Saturday, 26 May 2012

American scholar researches Nigerian pioneer cartoonist, Lasekan

Promoting educational research and scholarship on Nigerian art, the Omooba Yemisi Adedoyin Shyllon Art Foundation (OYASAF) Fellowship program, has admitted another scholar, Amanda Hellman of Emory University, Atlanta, Georgia, U.S.

Every year, scholars from reputable universities across the world are given the OYASAF Fellowship Grant to research a particular area of Nigerian art.

Amanda is an art historian and curator, whose interest is in the study of the works of Akinola Lasekan, one of Nigeria’s art pioneer artists. An important objective of her stay with OYASAF is to research into traditional African art and museum development in Nigeria.

Amanda Hellman of Emory University, Atlanta, Georgia, U.S.

On arrival, Hellman told OYASAF team that negative and disheartening stories about Nigeria were not enough to discourage her from coming. She noted that there are very positive aspects of Nigeria, which attracted her, based on information gathered from friends in U.S. and England. This, she said made it easier to  accept the OYASAF Fellowship Grant. Though visiting Nigeria for the first time, she stated that she has so far found Nigeria to be very interesting and unlike every other place she has visited across the world.


Since her arrival at OYASAF, she has met other visiting scholars such as Professor Kazunobu Ikeya, from the National Museum of Ethnology, Japan and a lecturer of the Obafemi Awolowo University (OAU), Osun State, Southwest Nigeria, Mr. Steve Folaranmi.

Hellman also partook in the arrangement of art works at the Metropolitan Club in Victoria Island, Lagos. She has visited places of interests in Lagos such as Quintessence Gallery, Falomo, Jazzhole, Ikoyi, Nike Art Gallery, Lekki, Centre for Contemporary Art (CCA), Yaba, Jankara and Balogun markets.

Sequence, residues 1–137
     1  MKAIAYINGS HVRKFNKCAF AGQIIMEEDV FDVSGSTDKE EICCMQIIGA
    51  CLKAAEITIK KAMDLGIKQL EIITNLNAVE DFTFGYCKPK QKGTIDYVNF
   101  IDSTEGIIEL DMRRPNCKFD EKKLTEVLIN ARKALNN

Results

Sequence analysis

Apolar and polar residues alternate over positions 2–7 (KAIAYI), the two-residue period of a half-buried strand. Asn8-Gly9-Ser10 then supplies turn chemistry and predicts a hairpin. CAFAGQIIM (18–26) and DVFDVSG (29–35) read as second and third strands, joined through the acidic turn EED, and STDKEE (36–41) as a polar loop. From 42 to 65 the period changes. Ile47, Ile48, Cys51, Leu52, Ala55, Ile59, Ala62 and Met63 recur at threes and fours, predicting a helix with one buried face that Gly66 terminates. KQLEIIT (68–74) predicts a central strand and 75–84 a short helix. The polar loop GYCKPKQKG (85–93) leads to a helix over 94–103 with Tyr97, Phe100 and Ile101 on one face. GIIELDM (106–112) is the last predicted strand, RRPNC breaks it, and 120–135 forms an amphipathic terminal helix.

She revealed that having seen the diversified collection of OYASAF, it goes to multiply her inspiration and love for traditional African art. She expressed her high esteem and appreciation for the aesthetic value in traditional African art.

Amanda is a strong follower of Lasekan’s work, and has been introduced to some number of the artist’s works in the OYASAF collection. The works she has seen confirms the high value, style, technique and method of approach in Lasekan’s paintings coupled with the philosophy behind the artist’s work. She has extensively read articles written by Lasekan and looks forward to working with museums in Nigeria, especially the Lagos museum. 

  She intends to meet her counterparts in the Lagos, Ibadan, and Ife art circles as well as visiting artists' studios in Lagos as part OYASAF's programming for her.

  Amanda has also been studying traditional African art in Nigeria’s colonial era and therefore looks forward to her research work in OYASAF.

  She is highly impressed with the diversity and quality of the collection of OYASAF that she has so far encountered. She has experienced viewing at close range, a large number of the OYASAF collection, even though she is yet to cover much of these works which cut across all aspects of modern, traditional and contemporary painting, sculpture and photograph.

 Hellman hopes that after her research work at OYASAF, she will share the refreshing experience of traditional African art and Lasekan’s work with her academic counterparts in the U.S.   

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